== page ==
CS6217: Topics in Programming Languages & Software Engineering (Autumn 2023)


In this course we will be looking at the state-of-the art techniques for ensuring correctness of various kinds of software. In other words, we will be learning how to formally prove that our programs do what they are supposed to do. While there is a number of techniques and approaches to achieve that goal, we will be focusing on a particular branch of formal methods for rigorous mathematical reasoning about the correctness of computer programs: so-called program logics.

Lecture Notes (Weeks 1-7)

The following list contains lecture notes and other reading materials (i.e., slides and papers). It is advised that you make yourself familiar with the slides in advance before the lecture.

Research Paper Based Seminars (Weeks 8-11)

Below is a list of the presentations based on research papers on program logics and program verification. Depending on the topic, presentations can be made by one or two students (see the numbers next to the topics). The presentations will take place in the order stated below. Please, choose your topic (and partner) by Week 6 of the class by following the link on Canvas.

Presenter(s) for each paper will have to prepare a 5-question quiz (aiming for 7 minutes at the beginning of their lecture) and email it to me at least a weak in advance for curation. In case of multiple papers suggested for a topic, use the paper marked with (*) for preparing the quiz.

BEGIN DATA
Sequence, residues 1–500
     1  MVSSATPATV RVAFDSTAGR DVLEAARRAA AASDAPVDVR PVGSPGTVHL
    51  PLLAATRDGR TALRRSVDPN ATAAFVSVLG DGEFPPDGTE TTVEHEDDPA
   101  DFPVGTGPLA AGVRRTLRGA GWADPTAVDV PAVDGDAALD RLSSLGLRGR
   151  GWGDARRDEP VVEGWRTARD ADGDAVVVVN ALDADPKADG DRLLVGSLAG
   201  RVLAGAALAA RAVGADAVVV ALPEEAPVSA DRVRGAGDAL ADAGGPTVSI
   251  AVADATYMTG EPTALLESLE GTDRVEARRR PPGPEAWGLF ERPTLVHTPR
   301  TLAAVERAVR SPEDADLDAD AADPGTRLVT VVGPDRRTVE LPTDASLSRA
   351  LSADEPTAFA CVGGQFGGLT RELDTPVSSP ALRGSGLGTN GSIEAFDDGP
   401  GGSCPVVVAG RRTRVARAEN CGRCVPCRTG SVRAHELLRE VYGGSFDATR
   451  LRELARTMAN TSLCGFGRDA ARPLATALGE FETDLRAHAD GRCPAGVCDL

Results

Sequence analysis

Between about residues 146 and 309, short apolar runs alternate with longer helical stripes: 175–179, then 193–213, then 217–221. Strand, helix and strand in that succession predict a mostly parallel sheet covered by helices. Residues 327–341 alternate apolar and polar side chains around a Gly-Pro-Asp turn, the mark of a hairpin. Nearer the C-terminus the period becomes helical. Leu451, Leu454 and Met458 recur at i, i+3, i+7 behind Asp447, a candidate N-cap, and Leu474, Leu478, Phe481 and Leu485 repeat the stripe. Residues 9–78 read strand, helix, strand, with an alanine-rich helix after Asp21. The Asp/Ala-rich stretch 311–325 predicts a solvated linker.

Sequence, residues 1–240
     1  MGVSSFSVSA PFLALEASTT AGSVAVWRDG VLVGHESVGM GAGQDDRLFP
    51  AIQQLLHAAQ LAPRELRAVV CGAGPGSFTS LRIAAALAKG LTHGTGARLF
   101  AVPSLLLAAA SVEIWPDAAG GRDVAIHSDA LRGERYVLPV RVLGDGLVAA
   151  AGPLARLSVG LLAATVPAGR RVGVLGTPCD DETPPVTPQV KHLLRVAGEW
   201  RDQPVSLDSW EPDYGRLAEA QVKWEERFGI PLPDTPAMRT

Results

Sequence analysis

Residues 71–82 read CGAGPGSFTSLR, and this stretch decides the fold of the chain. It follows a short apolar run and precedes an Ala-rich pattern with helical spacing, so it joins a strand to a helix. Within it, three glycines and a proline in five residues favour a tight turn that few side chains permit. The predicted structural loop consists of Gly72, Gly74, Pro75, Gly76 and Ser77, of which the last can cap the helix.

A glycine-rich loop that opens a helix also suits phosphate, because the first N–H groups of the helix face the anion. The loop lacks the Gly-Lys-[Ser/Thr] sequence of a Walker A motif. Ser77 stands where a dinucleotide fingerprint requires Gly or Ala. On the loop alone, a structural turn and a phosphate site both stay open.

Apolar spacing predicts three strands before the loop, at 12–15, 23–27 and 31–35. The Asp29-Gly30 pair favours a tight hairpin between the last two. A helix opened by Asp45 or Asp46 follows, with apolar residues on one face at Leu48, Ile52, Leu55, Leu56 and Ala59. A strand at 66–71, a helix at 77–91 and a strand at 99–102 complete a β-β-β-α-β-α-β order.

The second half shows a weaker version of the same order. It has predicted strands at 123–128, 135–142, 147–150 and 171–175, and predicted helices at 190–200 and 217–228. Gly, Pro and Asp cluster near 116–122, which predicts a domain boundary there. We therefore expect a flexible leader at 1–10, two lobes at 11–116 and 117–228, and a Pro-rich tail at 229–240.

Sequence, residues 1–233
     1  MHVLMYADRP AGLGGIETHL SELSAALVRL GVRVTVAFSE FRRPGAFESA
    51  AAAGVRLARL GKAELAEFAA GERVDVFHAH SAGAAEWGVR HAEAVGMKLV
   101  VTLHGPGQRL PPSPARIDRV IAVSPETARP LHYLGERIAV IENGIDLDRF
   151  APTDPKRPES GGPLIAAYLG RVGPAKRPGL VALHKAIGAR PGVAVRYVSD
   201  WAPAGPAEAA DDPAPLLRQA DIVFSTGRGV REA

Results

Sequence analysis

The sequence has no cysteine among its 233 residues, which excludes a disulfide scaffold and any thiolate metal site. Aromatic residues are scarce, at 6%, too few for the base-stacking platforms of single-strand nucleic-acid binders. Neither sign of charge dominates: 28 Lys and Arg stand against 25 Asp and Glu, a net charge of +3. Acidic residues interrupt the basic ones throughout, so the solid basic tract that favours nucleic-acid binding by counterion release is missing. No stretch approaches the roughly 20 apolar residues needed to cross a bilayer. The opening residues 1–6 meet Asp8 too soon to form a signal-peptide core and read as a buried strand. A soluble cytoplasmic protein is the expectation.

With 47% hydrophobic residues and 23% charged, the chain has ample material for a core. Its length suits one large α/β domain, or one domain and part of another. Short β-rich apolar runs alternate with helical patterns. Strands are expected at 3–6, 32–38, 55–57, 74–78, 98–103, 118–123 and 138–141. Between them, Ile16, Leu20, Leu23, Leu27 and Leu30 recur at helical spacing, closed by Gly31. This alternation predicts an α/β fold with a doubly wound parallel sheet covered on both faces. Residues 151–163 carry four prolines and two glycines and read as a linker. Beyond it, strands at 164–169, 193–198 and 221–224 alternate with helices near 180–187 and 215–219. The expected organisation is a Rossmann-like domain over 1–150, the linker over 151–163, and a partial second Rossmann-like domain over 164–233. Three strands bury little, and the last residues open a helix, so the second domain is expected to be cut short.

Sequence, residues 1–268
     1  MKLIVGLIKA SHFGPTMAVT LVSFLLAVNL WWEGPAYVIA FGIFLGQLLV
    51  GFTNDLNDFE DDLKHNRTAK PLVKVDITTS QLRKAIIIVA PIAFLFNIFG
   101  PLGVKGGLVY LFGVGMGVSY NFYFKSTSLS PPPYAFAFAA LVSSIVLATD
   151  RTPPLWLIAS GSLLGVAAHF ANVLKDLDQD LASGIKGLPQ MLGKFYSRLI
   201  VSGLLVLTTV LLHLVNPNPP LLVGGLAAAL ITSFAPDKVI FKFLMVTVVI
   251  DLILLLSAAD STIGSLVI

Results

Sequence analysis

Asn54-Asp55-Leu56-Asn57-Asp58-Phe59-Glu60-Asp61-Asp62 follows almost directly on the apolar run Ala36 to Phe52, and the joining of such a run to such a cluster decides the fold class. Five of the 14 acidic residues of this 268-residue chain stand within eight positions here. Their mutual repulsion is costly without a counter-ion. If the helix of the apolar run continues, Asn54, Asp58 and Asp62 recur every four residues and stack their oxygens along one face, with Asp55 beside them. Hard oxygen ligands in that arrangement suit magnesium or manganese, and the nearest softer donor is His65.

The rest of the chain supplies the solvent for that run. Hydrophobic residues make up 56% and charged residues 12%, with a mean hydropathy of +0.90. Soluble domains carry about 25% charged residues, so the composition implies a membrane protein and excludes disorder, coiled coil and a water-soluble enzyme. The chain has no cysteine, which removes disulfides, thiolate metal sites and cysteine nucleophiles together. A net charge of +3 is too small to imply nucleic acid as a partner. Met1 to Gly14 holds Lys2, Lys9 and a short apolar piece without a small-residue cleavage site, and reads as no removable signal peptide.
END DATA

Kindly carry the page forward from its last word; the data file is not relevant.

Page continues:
Research Project

A good project would be an “interesting” verified imperative data structure with a number of methods/functions along with their non-trivial specifications. Here are some data structures and algorithms that you might consider (feel free to suggest yours):

  • Splay trees and Splaysort
  • High-performance B or B+ tree implementation
  • Scape-goat trees
  • Algorithms for memory allocation and reclamation

Lost of interesting data structures to specify and verify can be found in the literature on databases. You also may want to pick a “hard” problem from LeetCode, implement it in one of the verificaiton frameworks and verify its solution with regard to logical specification paraphrasing its description given in plain English. If you plan to work alone, you may want to consider a paper-and-pencil proof of something very tricky in a logic of choice (for instance, here’s a very interesting proof of RCU correctness published as a research paper at a top conference).

The choice of a specific program logic and/or tool is up to you. In case if you are considering making your project about computer-aided reasoning, here is an incomplete list of program logic-based tools deductive verification that you might consider using (and the languages they target):

Project-based presentations will take place on Week 12.

Additional Materials

This course’s GitHub Organisation. It contains all the code for the demos from the lectures.